The premise of this book is simple. 80% of your training/running should be done at an easy pace. The other 20% should be moderate to high intensity training.
Now if you are already training this way or you believe this approach to be true, then you don’t actually need to read the book. You could go for a run instead. Preferably a slow easy run.
If you think it’s a load of bollocks or just want to find out more, then this book is certainly worth a gander.
— Matt Fitzgerald (@mattfitwriter) February 25, 2019
For the most part, the author goes into great detail to convince you that 80/20 training is the best method. To be fair when you hear the names Mo Farah and Paul Ratcliffe branded around, then you shouldn’t take much convincing #legends.
He uses evidence from studies and elite athletes to sell the idea. I was sold from the word go, having done a lot of my recent training at an easy pace. “I believe you” I found myself muttering as I read yet another case study of how easy running had helped a group of 12.62 athletes improve their 5K times by 7.905687%, or whatever the stats were.
Easy running is a pace where you feel comfortable and can hold a conversation. I hear so many people moan that “running is hard”. It doesn’t have to be. Well for 80% of the time it doesn’t. I know some of my club like a good natter & gossip so they’ll love this approach.
Some of the things I picked up on during the book included how slow running not only improves your fitness but also how your brain functions. Something I would never have considered. For those of you obsessed with improving your technique, such as increasing your cadence or making your stride length longer, don’t bother.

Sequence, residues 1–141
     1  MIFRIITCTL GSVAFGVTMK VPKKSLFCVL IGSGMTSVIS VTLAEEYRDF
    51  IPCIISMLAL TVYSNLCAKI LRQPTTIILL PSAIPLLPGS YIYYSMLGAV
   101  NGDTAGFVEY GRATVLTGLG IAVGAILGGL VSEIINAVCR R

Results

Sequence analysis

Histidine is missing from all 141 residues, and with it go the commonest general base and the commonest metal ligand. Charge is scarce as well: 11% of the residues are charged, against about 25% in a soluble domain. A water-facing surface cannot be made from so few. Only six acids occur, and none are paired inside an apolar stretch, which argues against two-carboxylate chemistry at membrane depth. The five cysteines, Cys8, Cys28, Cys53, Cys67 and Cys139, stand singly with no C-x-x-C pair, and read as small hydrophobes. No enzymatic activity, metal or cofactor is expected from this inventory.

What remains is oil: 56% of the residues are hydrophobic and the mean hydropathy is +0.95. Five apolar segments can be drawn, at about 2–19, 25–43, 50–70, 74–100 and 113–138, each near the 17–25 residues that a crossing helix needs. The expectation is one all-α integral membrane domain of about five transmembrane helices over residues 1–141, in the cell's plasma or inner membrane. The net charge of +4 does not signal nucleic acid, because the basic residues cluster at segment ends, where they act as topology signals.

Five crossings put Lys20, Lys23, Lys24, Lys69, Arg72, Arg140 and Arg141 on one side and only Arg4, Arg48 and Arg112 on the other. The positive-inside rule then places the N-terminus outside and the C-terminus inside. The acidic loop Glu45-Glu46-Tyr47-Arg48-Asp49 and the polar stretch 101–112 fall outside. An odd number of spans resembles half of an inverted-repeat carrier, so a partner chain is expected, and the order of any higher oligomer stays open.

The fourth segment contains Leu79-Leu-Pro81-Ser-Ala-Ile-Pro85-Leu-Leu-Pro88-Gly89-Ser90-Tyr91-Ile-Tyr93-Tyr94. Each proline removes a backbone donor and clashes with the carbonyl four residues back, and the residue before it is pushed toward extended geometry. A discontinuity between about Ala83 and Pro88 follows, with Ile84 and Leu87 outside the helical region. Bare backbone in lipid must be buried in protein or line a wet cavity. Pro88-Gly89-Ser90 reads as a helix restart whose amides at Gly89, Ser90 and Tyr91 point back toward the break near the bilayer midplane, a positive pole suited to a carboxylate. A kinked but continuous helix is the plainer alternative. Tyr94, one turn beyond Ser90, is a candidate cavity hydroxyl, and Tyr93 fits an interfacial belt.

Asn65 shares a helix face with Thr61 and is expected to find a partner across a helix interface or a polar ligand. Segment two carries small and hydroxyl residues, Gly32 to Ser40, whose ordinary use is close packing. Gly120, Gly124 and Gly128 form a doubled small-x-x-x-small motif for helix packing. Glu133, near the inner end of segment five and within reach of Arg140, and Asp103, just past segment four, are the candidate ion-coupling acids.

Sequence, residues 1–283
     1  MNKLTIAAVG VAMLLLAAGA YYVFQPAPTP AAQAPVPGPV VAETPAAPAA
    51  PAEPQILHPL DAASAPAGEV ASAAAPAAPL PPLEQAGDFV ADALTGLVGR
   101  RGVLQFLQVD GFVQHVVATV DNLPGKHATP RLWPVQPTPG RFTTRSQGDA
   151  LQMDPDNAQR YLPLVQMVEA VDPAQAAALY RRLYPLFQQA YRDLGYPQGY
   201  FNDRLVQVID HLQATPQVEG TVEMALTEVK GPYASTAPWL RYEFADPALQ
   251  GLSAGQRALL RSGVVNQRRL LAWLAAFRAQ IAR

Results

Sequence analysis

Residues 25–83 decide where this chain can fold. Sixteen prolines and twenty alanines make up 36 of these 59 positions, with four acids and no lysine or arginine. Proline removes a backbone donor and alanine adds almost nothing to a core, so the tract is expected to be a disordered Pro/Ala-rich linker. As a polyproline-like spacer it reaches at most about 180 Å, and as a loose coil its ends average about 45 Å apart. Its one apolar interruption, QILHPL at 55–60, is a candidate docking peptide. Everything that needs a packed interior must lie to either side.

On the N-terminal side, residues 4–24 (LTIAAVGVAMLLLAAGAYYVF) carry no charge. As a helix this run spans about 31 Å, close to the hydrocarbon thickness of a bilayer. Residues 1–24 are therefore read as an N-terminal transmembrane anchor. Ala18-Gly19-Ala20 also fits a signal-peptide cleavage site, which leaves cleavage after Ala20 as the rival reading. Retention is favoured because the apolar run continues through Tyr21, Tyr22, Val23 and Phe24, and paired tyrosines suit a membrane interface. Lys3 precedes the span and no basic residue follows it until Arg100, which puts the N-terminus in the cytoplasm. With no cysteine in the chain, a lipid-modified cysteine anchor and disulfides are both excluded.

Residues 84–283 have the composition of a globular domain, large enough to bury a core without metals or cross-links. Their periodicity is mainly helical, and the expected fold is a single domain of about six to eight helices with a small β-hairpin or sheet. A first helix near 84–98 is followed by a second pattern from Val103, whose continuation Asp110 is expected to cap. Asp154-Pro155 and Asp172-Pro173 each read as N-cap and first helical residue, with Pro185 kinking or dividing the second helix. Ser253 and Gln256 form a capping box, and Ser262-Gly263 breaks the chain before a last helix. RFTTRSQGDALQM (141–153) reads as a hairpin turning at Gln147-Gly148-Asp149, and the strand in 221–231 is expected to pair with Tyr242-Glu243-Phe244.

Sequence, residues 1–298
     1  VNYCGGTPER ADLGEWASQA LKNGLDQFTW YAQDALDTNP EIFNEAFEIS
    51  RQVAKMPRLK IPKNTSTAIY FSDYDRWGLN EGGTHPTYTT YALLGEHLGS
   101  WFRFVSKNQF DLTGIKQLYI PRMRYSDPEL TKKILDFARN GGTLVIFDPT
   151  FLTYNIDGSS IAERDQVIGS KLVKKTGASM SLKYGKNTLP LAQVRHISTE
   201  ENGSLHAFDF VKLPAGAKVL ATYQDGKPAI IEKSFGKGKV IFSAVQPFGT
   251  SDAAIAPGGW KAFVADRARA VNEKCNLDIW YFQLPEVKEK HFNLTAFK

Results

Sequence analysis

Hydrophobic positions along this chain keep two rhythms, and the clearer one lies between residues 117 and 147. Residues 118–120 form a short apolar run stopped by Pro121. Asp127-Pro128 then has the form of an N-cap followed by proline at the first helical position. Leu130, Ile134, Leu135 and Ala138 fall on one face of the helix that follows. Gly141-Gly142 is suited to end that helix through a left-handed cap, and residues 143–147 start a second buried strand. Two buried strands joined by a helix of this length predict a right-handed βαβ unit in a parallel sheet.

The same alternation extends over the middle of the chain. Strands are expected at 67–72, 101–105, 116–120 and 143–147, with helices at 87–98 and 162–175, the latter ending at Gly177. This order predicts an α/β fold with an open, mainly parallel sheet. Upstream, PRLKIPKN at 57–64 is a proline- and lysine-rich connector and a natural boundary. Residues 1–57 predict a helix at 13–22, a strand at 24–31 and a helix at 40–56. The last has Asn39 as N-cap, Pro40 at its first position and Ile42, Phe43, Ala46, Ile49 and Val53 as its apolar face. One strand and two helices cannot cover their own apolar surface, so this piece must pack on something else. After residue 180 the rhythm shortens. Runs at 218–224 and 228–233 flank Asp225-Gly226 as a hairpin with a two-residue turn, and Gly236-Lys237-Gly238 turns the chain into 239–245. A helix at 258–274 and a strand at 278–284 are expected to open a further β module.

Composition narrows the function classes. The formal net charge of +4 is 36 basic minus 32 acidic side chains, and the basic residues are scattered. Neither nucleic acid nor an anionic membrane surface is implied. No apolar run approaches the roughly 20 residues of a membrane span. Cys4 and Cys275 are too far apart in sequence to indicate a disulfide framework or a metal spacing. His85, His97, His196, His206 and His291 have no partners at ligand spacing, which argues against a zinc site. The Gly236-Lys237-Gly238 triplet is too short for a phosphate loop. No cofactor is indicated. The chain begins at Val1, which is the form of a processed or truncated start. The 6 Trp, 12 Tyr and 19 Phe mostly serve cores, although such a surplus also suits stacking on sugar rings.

Matt Fitzgerald makes a strong case, again using studies, as how trying to force these changes will only hinder your progress. Instead he claims by adopting the 80/20 approach and running more miles at an easy pace, your running skill will improve in time. Your cadence and stride length will increase naturally as you run more.
The author breaks down the different types of training runs. There are detailed training plans for all the main distances. This is the part of the book I’m not a fan of. Why? Because if you are going to introduce a training plan, it has to be tailored to your individual needs. There are so many other factors which come into play. Your current level of fitness, the goal you have set yourself and the amount of time you have available or are willing to commit to training. All these will be different from one runner to the next, as will be the rate of progress during the training plan. So use these plans as a guide but don’t feel you need to stick to them.
The author also discusses cross training, the different methods you can use to help your running and how often you should cross train each week.
Training and plans are something which fascinate me in my bid to improve as a runner. But if it’s not your thing, then you’ll quickly get bored with this book. That said, given the evidence at hand, it’s a training approach which I highly recommend and one I will be trying my best to adhere to going forward.